Mogg’s trademark geezer-down-the-boozer stage patter belies the fact that this is a historic moment – as the band’s history as a live act draws to a close. There’s another gig in London tomorrow night but Mogg’s on-stage banter is firmly focused on such weighty matters as Albert Steptoe’s junkyard and some waitress in Glasgow not knowing who Jimmy Page is rather than any overblown pomposity or thank you speeches. The venue is absolutely rammed as we say our goodbyes, however. (Too rammed if truth be told – Shepherds Bush Empire frequently seem to be over-selling their gigs beyond human comfort levels these days,) Yelling along to ‘Doctor Doctor; and ‘Shoot Shoot’ as the guys come back on stage for an encore seems a fitting way to say farewell to a band whose music I’ve been enjoying for almost forty of their fifty years. Cheers UFO!

Set-list:
Mother Mary
We Belong to the Night
Run Boy Run
Venus
Lights Out
Baby Blue
Only You Can Rock Me
Burn Your House Down
Cherry
Love to Love
Makin’ Moves
Too Hot to Handle
Rock Bottom
Doctor Doctor
Shoot Shoot

http://www.ufo.band/latestNews.html

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Michael Schenker Fest at Shepherds Bush Empire

Michael Schenker Fest at Shepherds Bush Empire 2/11/17

Michael Schenker’s career, as well as his personal life, went through an increasingly erratic period a decade or so ago. Having seen Schenker a couple of times in recent years with his Temple Of Rock project, however, it was clear that he has absolutely, undisputably got his shit together again. If more proof was needed, tonight’s gig provides overwhelming evidence of that.

Tonight’s gig, dubbed Michael Schenker Fest, features all three vocalists from the three key eras of MSG: Gary Barden, Graham Bonnet and Robin McAuley. Barden is first up. While I won’t say he is the strongest of the three vocalists who will appear on stage tonight this is undeniably my favourite era of the band and the classic songs come thick and fast, transporting me back to my teenage rock fan years: Victim Of Illusion, Cry For The Nations, Armed And Ready….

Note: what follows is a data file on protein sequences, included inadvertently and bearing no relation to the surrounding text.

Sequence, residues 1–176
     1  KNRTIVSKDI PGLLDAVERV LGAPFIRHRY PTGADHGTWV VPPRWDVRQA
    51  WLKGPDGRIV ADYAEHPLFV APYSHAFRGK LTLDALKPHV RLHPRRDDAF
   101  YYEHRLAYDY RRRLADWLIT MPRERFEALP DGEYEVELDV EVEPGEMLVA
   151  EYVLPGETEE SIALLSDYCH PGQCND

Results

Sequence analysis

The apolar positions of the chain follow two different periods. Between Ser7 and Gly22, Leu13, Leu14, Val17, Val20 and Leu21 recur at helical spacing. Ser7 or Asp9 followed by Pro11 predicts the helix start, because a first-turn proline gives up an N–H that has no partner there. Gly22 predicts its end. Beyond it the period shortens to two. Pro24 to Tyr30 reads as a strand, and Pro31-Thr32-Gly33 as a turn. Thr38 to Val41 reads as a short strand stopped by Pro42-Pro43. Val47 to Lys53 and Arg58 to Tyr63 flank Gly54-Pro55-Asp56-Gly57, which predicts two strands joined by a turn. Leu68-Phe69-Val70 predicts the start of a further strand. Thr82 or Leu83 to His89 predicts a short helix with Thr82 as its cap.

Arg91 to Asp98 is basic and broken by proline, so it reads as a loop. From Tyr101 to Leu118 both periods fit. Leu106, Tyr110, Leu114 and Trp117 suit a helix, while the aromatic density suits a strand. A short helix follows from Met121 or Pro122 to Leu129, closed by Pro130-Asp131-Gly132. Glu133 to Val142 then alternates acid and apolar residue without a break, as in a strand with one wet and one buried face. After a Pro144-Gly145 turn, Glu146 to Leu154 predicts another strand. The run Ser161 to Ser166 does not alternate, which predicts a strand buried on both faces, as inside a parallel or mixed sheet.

Schenker is on stunningly good form with some stunningly good guitar work coming from his signature Flying V. On stage there’s other familiar faces from the old MSG days, too: Chris Glenn on bass, Ted McKenna on drums and Steve Mann on keyboards.

Next up is Graham Bonnet and while I have heard him struggle a bit at times during previous gigs he is definitely on form tonight. Originally recording one excellent album with MSG and playing just one disastrous gig where he drunkenly flashed the audience and promptly got sacked, much water has passed under the bridge since then. It feels a privilege to witness Bonnet perform Dancer and Assault Attack with Schenker and properly celebrate the part he played in MSG’s legacy. Even the sound system crashing in the early part of Bonnet’s set didn’t dampen the mood (and allowed me a much-needed loo break!)

Then it is the turn of the third of tonight’s vocalists. Robin McCauley is easily the strongest of the three singers tonight. Although set-wise, the earlier songs probably have far more resonance for me than the McAuley Schenker era, he certainly doesn’t disappoint tonight. To end the set he delivers a brilliant rendition of Rock Bottom from Schenker’s UFO days.

That sets the tone for a brilliant out-of-this-world encore which becomes a complete and utter UFO-fest. McCauley, Bonnet and Barden all come back on stage for Doctor Doctor, followed by Shoot Shoot, Natural Thing (with Schenker’s son Tyson joining his father on guitar) and, finally, Lights Out.

Three great vocalists, a brilliant gifted guitarist, some top class musicians and song after song of unforgettable rock classics, this was definitely one of the best hard rock gigs of 2017.

Set-list:

Searching for Freedom
Into the Arena
Let Sleeping Dogs Lie
Victim of Illusion
Cry for the Nations
Attack of the Mad Axeman
Armed and Ready
Coast to Coast
Desert Song
Dancer
Assault Attack
Captain Nemo
No Time for Losers
Save Yourself
Bad Boys
Love Is Not a Game
Rock Bottom
Doctor Doctor
Shoot Shoot
Natural Thing
Lights Out

http://www.michaelschenkerhimself.com/home.php